Obeticholic acid as a tablet is in clinical development for the treatment of advanced liver fibrosis due to non-alcoholic steatohepatitis (NASH). Non-alcoholic fatty liver disease (NAFLD) is the general term for conditions in which an excessive amount of fat is stored in the liver, but where this excess is not caused by heavy alcohol use. A build-up of fat alone is called simple fatty liver (steatosis). NASH occurs when the presence of fat leads to liver cell damage and inflammation (hepatitis). Over time, liver cell damage and inflammation due to NASH can cause scarring (fibrosis) of the liver which may increase until advanced. Once there is advanced fibrosis due to NASH, there is a higher risk of progression to cirrhosis and its complications such as liver failure, liver cancer, and death. Although simple fatty liver, NASH, and advanced fibrosis due to NASH are distinct types of NAFLD in terms of the risk to health they pose, they are considered stages of the same disease through which people will progress if lifestyle interventions are not effective.
Obeticholic acid is a modified form of a bile acid. It works by attaching to receptors in the liver and gut called farnesoid X receptors (FXRs) which control the production of bile. By attaching to these receptors, obeticholic acid reduces the production of bile in the liver, preventing it from building up and damaging the liver tissue. FXRs are also involved in the control of inflammation and fibrosis as well as the handling of fats and glucose in the liver which are important processes in the development of NASH. If licensed, obeticholic acid may offer the first pharmacological treatment option for patients with NASH who currently have few effective therapies available.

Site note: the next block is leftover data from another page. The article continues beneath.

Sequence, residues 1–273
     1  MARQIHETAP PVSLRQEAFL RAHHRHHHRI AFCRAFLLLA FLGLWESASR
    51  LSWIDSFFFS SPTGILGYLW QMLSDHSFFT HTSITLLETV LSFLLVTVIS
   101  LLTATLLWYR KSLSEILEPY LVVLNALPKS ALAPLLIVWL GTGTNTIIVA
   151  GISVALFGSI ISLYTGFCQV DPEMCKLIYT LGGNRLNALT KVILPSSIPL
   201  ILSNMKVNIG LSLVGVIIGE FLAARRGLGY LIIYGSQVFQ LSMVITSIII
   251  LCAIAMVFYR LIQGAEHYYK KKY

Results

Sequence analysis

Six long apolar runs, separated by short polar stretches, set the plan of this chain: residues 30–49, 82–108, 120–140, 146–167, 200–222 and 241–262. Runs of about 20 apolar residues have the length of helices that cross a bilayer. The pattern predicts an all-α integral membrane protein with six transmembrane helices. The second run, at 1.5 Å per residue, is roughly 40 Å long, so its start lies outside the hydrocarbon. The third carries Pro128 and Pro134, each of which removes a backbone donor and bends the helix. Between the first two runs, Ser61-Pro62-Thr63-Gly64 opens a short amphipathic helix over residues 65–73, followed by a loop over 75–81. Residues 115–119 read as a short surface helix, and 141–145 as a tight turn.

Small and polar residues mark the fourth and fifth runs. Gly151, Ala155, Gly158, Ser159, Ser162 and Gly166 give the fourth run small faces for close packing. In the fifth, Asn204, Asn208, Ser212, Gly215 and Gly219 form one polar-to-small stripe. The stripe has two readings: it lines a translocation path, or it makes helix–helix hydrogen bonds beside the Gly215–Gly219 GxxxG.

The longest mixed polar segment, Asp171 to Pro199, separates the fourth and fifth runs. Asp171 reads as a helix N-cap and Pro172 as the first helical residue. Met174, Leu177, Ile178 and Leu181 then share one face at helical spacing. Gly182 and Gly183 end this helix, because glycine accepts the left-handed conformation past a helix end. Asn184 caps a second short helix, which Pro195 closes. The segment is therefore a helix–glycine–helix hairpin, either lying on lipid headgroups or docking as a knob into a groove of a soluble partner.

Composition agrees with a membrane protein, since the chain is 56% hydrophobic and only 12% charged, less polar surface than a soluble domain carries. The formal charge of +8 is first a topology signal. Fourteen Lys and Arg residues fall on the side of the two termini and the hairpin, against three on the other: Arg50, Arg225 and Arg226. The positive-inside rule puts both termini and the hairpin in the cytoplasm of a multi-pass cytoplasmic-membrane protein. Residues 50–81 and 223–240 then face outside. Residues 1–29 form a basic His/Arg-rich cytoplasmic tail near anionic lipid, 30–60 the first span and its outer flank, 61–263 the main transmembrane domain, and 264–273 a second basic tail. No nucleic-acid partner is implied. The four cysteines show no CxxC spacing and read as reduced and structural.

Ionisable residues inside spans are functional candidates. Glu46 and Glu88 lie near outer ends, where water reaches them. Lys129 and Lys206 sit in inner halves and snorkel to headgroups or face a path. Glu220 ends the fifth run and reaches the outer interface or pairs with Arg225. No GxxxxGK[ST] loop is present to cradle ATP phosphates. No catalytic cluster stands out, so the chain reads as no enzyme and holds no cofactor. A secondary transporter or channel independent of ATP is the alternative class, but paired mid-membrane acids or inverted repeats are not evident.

Filgotinib is in clinical development for the treatment of patients with moderately to severely active ulcerative colitis. Ulcerative colitis is a type of inflammatory bowel disease that causes inflammation and ulcers in the bowel and rectum which can cause diarrhoea, abdominal pain and faecal urgency or incontinence. The symptoms of ulcerative colitis often follow a pattern of relapse and remission where they have periods of none or mild symptoms followed by periods of increased symptoms flare-up (‘active’). There are no curative therapies for ulcerative colitis and current treatment aims to relieve symptoms during a flare-up and maintain remission by preventing symptoms from returning.